In Nicola’s client’s case, it became apparent under hypnosis, that the extreme pressure of the junior golf competitions meant he had to perform outside of his natural calm character, and being under constant observation triggered an anxiety that has stayed with him into adulthood. “He developed an aversion to being observed or put under pressure. He also felt under pressure to please his stepfather for his mother’s sake.

How can we stop skin picking?

Much like myself, Chloe didn’t know that dermatillomania was a ‘thing’ until she read about a fellow sufferer. “I had just accepted that that was the way I was. It was normal to me. So it provided some comfort that I wasn’t alone.

Chloe says the only method that has curbed her constant picking is having a gel manicure, but even then she’ll find a way around. “Having my nails painted nicely is the only way to stop myself picking my fingers for a few days, but it rarely lasts a week. Then I’ll resort to tools, like my tweezers or nail scissors.” 

For me, I have to wrap my fingers in plasters so I physically can’t get to them. Gloves are also useful, although have been an interim solution for me. As I have discovered, dermatillomania is a habit that I have learned, and it’s become part of my life. Habits can be ‘unlearned’ through the practice of hypnotherapy. 

How can hypnotherapy help with skin picking?

Hypnotherapy can interrupt that familiar urge. By using the power of suggestion when a person is in a deep relaxation or hypnotic state, the therapist can ignite the trigger, and introduce healthy alternatives to replace the urge to pick.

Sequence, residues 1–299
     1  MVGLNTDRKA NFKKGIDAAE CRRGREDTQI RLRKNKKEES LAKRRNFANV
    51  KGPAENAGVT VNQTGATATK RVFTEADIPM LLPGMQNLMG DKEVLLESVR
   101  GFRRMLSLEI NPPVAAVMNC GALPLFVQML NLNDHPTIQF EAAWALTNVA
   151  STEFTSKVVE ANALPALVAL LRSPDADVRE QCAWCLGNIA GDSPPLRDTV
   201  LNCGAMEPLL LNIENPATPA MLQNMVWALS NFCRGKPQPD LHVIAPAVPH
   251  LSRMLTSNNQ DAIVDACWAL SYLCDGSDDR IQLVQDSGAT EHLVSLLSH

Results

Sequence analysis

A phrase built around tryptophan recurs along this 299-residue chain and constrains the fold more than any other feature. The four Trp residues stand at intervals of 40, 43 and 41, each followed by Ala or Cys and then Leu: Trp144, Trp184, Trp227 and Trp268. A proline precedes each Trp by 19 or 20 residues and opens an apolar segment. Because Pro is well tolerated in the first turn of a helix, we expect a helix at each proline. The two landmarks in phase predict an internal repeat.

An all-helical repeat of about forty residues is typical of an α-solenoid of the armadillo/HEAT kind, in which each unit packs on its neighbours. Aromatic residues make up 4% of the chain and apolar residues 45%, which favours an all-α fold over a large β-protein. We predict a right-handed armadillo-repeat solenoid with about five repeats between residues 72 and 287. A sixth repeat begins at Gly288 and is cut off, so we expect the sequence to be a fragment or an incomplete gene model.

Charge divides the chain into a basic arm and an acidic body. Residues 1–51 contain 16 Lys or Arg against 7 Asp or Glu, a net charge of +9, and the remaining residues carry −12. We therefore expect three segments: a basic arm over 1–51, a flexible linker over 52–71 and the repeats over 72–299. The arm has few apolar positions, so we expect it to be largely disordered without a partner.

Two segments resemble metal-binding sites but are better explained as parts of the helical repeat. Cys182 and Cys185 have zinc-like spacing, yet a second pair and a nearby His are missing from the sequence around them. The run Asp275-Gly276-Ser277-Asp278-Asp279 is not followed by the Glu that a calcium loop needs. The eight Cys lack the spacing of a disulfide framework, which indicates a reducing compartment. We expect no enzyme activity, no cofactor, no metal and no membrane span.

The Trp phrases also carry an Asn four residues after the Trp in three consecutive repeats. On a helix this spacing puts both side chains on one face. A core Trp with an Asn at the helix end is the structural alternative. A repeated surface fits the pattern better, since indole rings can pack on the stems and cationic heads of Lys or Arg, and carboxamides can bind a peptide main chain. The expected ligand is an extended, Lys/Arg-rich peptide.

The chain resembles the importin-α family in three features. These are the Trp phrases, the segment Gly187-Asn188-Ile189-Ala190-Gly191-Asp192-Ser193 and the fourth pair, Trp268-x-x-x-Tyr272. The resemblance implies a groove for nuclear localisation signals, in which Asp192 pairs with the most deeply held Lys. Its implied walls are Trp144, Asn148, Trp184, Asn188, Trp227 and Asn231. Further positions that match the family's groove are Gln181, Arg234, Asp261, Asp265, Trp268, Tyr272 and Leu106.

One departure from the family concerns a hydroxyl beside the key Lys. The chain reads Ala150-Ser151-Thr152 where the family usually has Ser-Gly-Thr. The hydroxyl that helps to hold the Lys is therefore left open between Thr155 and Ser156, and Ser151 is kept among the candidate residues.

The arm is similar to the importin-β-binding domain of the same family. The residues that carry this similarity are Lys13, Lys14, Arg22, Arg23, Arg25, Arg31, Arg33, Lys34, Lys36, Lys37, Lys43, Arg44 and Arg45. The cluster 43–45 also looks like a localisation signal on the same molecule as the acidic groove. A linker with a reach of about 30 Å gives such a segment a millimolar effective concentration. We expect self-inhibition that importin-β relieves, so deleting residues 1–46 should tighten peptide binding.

With Nicola’s client, hypnotherapy helped to establish a sense of safety and security in everyday life, and high-pressure situations. “We applied certain trigger words and breathing to calm him down.  Accompanied with an individual hypnosis suggestion which included direct and indirect subliminal suggestions.

“He listens to hypnosis regularly to reinforce feelings of mental and physical calmness, safety, security and to have the confidence to be himself without feeling constantly under scrutiny. His scratching and number obsession has significantly ceased, he feels more relaxed in social and work situations.

Techniques to try at home

For immediate distraction from skin picking, you can try:

  • Keep your hand busy. Use a fidget spinner or any small object that you can busy your hands with. 
  • Use plenty of moisturiser to keep your skin moist, therefore less they’re likely to be dry or have flaky bits to pick.
  • Cover your hands with gloves.
  • Cut your nails short so you have less grip on your skin.
  • Ensure you wash your hands regularly to avoid infection.

If you struggle with picking as an automatic response, it’s important to identify what your trigger is and the emotions that accompany those triggers. Often, this urge comes from struggling with negative thoughts that manifest into harmful behaviours.

Nicola suggests using mindfulness and breathing techniques when you feel the need to pick. This way you can regain control over your breathing, and focus on the calming rhythmic motion of it. “Practice slowly and gently blowing out an imaginary candle; at home, in social situations, on the train etc.

She notes that to truly recover, it’s important to understand that people aren’t constantly judging and finding fault in you. “Focus on the other person, listen to other people, be present with people, rather than focusing on yourself and worrying about what people are thinking of you.” 

If you would like further support, you can reach out to a hypnotherapist in your local area or a therapist who offers online sessions. You can also speak to a trained counsellor if you’re struggling with the urge to hurt yourself intentionally.

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Written by Katie Hoare
Katie is a writer for Hypnotherapy Directory.
Written by Katie Hoare